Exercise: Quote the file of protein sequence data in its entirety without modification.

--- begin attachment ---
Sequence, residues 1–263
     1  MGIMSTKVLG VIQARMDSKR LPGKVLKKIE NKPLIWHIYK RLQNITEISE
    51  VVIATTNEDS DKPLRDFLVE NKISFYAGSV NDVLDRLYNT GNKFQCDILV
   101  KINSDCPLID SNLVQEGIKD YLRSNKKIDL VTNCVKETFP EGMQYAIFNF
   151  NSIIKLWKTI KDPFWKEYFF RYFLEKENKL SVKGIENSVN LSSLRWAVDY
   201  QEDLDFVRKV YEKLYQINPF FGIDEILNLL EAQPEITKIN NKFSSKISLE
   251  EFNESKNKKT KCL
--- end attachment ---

Sequence, residues 1–263
     1  MGIMSTKVLG VIQARMDSKR LPGKVLKKIE NKPLIWHIYK RLQNITEISE
    51  VVIATTNEDS DKPLRDFLVE NKISFYAGSV NDVLDRLYNT GNKFQCDILV
   101  KINSDCPLID SNLVQEGIKD YLRSNKKIDL VTNCVKETFP EGMQYAIFNF
   151  NSIIKLWKTI KDPFWKEYFF RYFLEKENKL SVKGIENSVN LSSLRWAVDY
   201  QEDLDFVRKV YEKLYQINPF FGIDEILNLL EAQPEITKIN NKFSSKISLE
   251  EFNESKNKKT KCL